My wife had a total knee replacement two weeks ago. We thought we were prepared for the pain but we were wrong. She has been so sick with intense, intense pain and vomiting so bad we are both up all night long night after night. Is this really how it is for everyone?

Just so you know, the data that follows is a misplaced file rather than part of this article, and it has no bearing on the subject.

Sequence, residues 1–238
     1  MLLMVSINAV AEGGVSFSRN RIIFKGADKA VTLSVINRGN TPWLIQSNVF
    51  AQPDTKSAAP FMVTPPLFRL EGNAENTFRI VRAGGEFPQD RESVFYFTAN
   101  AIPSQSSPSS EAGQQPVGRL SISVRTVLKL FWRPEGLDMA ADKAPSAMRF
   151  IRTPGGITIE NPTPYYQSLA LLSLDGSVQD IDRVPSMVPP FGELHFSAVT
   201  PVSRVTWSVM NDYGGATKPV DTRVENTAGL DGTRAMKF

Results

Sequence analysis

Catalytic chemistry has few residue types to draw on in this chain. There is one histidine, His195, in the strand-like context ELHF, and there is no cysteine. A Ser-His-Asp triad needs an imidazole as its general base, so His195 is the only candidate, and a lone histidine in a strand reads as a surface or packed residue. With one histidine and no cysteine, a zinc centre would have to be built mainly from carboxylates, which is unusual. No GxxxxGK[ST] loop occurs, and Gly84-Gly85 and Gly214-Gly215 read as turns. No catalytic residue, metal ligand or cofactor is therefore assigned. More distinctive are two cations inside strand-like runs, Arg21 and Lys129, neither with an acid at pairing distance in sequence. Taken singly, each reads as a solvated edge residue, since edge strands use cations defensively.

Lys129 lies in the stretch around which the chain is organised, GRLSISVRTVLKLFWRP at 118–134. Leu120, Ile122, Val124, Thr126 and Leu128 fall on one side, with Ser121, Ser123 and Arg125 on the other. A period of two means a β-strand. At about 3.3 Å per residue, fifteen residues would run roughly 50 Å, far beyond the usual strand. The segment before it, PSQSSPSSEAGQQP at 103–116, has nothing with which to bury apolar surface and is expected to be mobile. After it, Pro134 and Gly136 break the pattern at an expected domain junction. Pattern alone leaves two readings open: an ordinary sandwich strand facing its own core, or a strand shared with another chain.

any people in need of a knee replacement hold off much longer than they should. The reason? They've heard horror stories about how painful the knee will be after surgery. They are told that it's a different kind of pain -- much worse in some ways than the arthritic pain. But in time, the pain will work its way out and they will be able to move pain free once again. In fact, this bad reputation of postoperative pain after total knee replacement has a large measure of truth. There are many physiologic, biologic, and patient-related reasons for this increased pain. It does sound like your wife's experience may be at the extreme end. Let's look at some of the factors and see if any might help explain what's happening. Why is the pain so much worse after knee joint replacement? First of all, the surgery sets up an alarm in the nervous system that signals to the brain that there is a problem. But the signals that get started amplify and prolong the initial pain until it becomes severe and chronic. At the same time, the tissues are injured as the surgeon cuts through the skin and removes the old joint. The body responds with an inflammatory cycle that releases many chemicals and substances that have the effect of lowering the pain threshold. That means it takes very little to set off the pain signals and a lot to turn them off. Not only are the cells of the injured tissue reacting, but so are all the pain receptors in the surrounding tissue that hasn't even been touched. Not everyone has the same pain responses so there must be individual factors at work, too. Some people just perceive greater pain than others when given the same stimulus. This could be a matter of coping skills, the presence of psychologic depression, or the lack of certain enzymes needed to benefit from pain medications. Studies show that patient-controlled narcotic pain medications work much better than nurse-administered methods. Instead of waiting for the nurse to bring the next dose of pain medication, the patient can decide when it is needed. Staying on top of the pain is a key part of successful pain management. Delaying medication too long can make the pain cycle much worse. There are medications that can help with the nausea and vomiting. These are called antiemetics. Avoiding or minimizing nausea right from the start is the most important thing here. Like pain signals, once the body sets up a nausea response, getting ahead of the vomiting and turning off those signals can be very difficult. You are best advised to keep working with your surgeon to find the right combination of medications that will help your wife. This could take some time with trial and error before the optimum aproach is discovered. Be patient. Don't give up. The situation may seem difficult but it is not impossible. Time will help as well but that's not very comforting when you are suffering.